An appraisal is an essential step in buying a home because it protects a homebuyer and lender from overpaying. The process involves a licensed appraiser evaluating the condition, location, and size of a house to declare its value. They may consider other factors like the recent home sales in the area and the number of rooms in the property.
The home sale continues if the appraisal value meets or exceeds the asking price. However, sometimes the appraisal ends up with a lower price, delaying or stopping the transaction.
Concerned parties may request multiple appraisals to reach an amenable purchase price.
Who Requests the Appraisal?
Any of the three parties involved in a home sale may request for an appraisal:
Buyer or Real Estate Agent
The buyer or real estate agent may have the home assessed to negotiate for a lower price.
The seller may have their home appraised to reinforce the asking price once the property is on the market.
A homeowner may request an appraisal if they’re planning to refinance their home.
The mortgage lender may hire an appraiser before they approve the loan application. They use the appraised value to recover the total loan amount if the buyer becomes unable to complete payments.
The Appraisal Process
An appraisal takes a couple of hours, depending on the complexity and size of the property. The appraiser will walk around the home, inspecting its interior and exterior.
To complete the process, the appraiser will consider several factors, like:
- Broken doors and windows
- Code violations
- Cracked ceilings
- Leaky plumbing
- Number of bathrooms and bedrooms
- Square footage
- Water-stained walls
The presence of areas that need repair and replacement can lower the property’s value. Sellers can improve their home’s appraisal value by repairing and replacing the concerned parts of the house.
After inspection, the appraiser will provide a report that includes:
- A calculation of the home’s square footage
- A sketch of the exterior
- A street map of the property
- Photos of properties used to compare the value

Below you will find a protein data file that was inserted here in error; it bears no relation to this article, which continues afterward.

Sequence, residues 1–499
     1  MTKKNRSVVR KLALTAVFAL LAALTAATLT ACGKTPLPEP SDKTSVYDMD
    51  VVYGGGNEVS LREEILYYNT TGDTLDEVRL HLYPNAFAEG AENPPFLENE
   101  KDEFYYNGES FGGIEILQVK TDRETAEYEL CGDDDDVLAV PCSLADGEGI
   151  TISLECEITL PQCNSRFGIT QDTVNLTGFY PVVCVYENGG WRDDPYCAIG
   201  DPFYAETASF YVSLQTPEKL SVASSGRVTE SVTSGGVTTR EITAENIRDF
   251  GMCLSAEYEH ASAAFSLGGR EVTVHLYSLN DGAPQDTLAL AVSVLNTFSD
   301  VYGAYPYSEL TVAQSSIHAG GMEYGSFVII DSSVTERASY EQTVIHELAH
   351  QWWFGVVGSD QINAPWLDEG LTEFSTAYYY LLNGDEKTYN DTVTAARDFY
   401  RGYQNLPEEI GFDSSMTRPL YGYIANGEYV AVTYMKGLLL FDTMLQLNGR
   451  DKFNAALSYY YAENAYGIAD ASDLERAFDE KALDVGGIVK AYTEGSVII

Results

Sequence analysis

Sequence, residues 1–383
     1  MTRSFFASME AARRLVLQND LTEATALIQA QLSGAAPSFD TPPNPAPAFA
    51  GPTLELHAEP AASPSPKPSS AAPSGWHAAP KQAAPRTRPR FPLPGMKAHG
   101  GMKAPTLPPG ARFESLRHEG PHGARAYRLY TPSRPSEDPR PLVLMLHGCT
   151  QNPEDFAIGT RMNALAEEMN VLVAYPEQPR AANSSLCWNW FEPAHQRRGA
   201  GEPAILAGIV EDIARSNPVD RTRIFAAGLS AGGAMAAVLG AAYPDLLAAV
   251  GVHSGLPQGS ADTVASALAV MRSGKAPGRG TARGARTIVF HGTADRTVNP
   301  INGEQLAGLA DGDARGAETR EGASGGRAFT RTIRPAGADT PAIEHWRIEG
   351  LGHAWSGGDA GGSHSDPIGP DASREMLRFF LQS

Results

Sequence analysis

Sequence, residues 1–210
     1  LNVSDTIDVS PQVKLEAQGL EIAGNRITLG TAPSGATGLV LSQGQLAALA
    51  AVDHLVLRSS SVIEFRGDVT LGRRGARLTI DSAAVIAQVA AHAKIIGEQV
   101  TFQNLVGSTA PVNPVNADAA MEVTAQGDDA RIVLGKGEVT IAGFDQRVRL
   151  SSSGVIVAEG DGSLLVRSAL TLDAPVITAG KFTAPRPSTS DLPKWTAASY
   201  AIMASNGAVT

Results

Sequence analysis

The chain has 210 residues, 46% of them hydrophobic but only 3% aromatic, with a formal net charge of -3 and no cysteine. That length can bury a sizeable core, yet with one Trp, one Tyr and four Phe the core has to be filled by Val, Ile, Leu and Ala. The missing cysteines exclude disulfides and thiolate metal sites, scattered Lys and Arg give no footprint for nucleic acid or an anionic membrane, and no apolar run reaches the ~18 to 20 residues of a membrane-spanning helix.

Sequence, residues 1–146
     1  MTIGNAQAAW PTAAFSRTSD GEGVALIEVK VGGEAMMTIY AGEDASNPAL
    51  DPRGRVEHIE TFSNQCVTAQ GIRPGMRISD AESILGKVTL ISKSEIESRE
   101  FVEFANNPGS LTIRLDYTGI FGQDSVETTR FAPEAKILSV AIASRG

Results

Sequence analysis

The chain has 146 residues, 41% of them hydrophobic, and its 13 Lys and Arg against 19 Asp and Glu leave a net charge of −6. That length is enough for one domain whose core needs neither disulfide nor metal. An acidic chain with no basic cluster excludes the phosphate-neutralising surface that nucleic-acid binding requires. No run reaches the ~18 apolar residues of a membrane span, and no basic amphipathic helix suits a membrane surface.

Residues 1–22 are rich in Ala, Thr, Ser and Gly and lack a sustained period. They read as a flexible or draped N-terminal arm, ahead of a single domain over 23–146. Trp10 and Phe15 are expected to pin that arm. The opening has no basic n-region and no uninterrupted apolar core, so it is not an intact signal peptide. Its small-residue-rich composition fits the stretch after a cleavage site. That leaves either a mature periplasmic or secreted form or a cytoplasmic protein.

- Market sales data
- Photos of the property
- Public land records
- Public tax records
There are cases when the appraisal that determined the property’s asking price is higher than the market value. When this happens in bad faith, the appraiser commits appraisal fraud.
Appraisers have years of experience and training, following strict guidelines to come up with accurate appraisals. However, sometimes they are pressured or bribed into inflating the appraised value for these reasons:
- The seller wants to make more money from the sale.
- The buyer wants to be in a better position to finance their mortgage payment.
- The homeowner seeks to get a better home equity or refinancing loan.
Protecting Yourself from Inflated Home Appraisals
The most effective way of protecting yourself from inflated appraisals is by seeking another appraisal. You can also suggest paying the difference between the asking and the appraisal price.
Protecting yourself from overinflated appraisals also involves recognizing common red flags:
Some home flippers buy below market value and then immediately sell the home for a profit. Their appraiser declares the property is worth more than its initial estimate.
- The appraiser undervalues the property so that an investor can buy it.
- The value of the property in the listing is different from the price in the application.
- The price is inconsistent with the location and comparable sales.
A home appraisal is an indispensable step in the homebuying process. Whether you are a buyer or seller, you don’t want the transaction to fall through. Ensure you understand the appraisal process and hire a trusted appraiser before you go through with a sale.